The third book – “Cut it Out”. December, 2004.

Cut it Out was the last of the three little black books. It has some interesting street art, loads of rats, and a few lovely canvases. Among them is “Suicide bombers just need a hug” from the Turf War exhibition.

Prank at the Natural History Museum. London, April 2004.

On 7 April, Banksy entered Natural History Museum disguised as an employee. He carried a taxidermied rat in a glass-fronted box. The rat wears sunglasses and a complete graffiti kit. Apparently, the rat has sprayed “Our time will come” on the wall behind him. The installation comes with a printed explanation titled “Pest Control”. A few years later, Banky will set up his own certification office, the “Pest Control Office”.

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Street Art 2004. Focus on UK.

London was the main focus of street art activity in 2004. But, also two pieces in Brighton and two in Somerset. There were only two pieces outside the UK in 2004, one documented in Berlin and another in Chicago. One of Banksy’s most iconic pieces goes up in Southbank: “The girl with the red balloon”.

Photos: “Wall and piece”.

Santa’s Ghetto 03, London. December 2003

Santa’s Ghetto 2003 opened on 2 December in an abandoned store just off Carnaby Street in London. It contained work by Banksy, Jamie Hewlett, Mode 2 and 3D, among others. Described by Pictures on Walls as a “festive extravaganza of cheap art and related novelty goods from lowbrow artists and trained vandals”. The launch party attracted Damon Albarn, Alex James of Blur, and star chef Jamie Oliver.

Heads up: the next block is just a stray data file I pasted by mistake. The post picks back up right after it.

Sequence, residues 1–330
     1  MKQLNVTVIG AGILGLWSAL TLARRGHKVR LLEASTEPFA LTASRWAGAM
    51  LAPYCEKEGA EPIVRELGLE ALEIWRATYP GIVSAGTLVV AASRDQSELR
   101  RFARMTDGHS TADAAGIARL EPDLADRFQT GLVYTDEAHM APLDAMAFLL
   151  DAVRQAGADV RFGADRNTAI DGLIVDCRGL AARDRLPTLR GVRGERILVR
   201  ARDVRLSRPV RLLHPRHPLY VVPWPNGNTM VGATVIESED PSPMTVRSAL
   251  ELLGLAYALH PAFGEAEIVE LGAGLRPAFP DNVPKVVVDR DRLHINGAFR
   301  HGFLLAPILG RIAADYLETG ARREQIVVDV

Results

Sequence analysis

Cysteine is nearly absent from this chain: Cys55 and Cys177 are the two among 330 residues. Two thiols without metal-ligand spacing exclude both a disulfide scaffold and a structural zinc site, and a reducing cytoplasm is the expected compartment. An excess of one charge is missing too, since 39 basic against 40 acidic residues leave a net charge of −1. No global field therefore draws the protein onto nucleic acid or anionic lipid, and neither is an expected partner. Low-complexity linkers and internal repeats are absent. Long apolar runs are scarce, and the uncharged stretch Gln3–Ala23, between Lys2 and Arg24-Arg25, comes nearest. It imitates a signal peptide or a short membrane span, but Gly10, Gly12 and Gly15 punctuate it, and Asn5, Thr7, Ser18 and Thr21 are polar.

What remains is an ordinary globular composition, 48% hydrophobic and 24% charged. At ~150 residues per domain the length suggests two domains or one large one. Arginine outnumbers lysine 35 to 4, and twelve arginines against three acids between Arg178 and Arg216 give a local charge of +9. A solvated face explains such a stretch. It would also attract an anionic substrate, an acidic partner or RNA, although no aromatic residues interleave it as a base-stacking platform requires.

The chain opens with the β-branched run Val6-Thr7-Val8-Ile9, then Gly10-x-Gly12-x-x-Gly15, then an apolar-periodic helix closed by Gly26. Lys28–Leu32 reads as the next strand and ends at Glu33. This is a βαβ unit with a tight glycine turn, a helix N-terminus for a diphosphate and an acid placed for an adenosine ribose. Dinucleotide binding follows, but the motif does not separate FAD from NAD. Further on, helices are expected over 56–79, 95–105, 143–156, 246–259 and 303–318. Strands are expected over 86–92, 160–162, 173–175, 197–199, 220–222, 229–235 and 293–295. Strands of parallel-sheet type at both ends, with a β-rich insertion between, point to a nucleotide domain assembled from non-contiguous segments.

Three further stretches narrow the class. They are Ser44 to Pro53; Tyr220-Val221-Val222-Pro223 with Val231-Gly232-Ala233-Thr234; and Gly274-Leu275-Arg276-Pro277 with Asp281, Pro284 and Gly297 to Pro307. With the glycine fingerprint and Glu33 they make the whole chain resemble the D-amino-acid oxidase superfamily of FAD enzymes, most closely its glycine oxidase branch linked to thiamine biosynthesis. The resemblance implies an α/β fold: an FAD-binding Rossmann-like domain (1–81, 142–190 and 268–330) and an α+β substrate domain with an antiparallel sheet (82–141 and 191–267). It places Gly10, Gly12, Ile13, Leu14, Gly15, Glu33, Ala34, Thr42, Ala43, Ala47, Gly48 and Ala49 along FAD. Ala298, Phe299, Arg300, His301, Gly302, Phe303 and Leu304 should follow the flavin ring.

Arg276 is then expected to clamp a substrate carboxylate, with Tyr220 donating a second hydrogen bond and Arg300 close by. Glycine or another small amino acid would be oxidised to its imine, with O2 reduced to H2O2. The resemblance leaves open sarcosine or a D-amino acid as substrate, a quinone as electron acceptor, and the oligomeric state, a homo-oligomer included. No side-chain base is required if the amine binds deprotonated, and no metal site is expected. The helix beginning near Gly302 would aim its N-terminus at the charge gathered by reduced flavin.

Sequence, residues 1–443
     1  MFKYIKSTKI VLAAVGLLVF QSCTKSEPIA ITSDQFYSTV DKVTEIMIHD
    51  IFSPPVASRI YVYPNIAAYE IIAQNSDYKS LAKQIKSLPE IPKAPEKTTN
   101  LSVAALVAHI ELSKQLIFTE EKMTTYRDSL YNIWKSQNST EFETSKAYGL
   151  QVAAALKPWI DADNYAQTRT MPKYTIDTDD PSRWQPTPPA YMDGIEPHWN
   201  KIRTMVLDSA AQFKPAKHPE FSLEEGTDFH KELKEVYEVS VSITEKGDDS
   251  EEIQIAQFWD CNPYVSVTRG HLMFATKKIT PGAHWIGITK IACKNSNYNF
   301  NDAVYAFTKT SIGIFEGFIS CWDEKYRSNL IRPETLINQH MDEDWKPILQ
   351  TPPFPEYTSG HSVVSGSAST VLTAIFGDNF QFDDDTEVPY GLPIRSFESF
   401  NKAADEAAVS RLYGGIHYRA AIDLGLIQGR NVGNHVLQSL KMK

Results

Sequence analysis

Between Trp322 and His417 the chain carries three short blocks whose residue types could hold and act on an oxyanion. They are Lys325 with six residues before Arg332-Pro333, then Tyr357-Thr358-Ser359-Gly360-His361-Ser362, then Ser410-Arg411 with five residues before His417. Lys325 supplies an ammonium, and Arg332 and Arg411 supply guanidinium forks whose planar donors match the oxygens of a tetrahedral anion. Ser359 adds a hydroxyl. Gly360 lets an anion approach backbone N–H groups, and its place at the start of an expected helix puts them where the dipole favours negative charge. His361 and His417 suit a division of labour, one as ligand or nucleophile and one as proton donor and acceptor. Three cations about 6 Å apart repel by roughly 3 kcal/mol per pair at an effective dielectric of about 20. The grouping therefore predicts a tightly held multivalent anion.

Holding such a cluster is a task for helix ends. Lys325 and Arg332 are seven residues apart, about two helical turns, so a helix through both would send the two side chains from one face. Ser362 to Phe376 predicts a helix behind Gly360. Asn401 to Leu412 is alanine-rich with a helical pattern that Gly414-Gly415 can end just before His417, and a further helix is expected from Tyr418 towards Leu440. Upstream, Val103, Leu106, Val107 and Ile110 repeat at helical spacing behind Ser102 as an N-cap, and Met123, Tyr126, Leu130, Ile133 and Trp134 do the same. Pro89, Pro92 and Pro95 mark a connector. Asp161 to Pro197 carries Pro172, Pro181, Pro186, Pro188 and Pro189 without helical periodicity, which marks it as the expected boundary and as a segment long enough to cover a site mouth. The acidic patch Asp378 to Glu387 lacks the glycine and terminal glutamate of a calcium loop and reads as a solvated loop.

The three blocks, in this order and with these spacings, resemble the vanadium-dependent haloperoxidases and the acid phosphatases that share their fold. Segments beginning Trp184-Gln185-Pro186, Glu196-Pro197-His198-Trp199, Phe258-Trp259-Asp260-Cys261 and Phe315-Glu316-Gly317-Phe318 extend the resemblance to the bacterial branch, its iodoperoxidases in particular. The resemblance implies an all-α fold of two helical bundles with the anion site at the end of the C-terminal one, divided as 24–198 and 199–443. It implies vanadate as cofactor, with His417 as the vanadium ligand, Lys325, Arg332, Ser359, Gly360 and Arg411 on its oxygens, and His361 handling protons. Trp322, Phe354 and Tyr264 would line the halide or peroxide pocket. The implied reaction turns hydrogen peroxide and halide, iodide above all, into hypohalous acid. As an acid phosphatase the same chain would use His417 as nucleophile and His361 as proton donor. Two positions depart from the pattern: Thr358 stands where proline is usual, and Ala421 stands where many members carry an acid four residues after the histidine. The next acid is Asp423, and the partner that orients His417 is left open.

Photos: Wembley Pairs, Flickr

Prank at Tate Britain. London, October 2003.

On 17 October, Banksy entered Tate Britain disguised as a pensioner and stuck one of his creations in a vacant slot on one of the gallery’s walls. After a few hours, the painting, “Crimewatch UK Has Ruined the Countryside For All of Us”, crashed to the floor, and the stunt was discovered. In his own words:

“To actually go through the process of having a painting selected must be quite boring. It’s a lot more fun to go and put your own one up. It’s all about cutting out the middle man, or the curator in the case of the Tate. I’m kinda into the message that vandalising a painting with police tape is how a lot of people see the world these days. People don’t actually see the world with Constable’s eyes with hay and rivers any more. The amount of paranoia and fear about violent crime and paedophilia makes mine a more accurate drawing of the English landscape we actually live in.”

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A caption glued next to the painting read: “This new acquisition is a beautiful example of the neo post-idiotic style. Little is known about Banksy whose work is inspired by cannabis resin and daytime television.”

Turf War, London. July 2003

The show opened on 18 July and lasted for three days. Turf War displayed a great variety of genres, techniques and styles. It marked the beginning of a string of brilliant exhibitions with a periodicity of approximately two years: Turf War in 2003, Crude Oils in 2005, Barely Legal in 2006, Banksy vs Bristol Museum in 2009, etc. The London art critics called the exhibition one of the most interesting of the year.

Photos: and Benny Goh

ITV recorded this interview from the exhibitions—one of the few documented footage of a member of Team Banksy.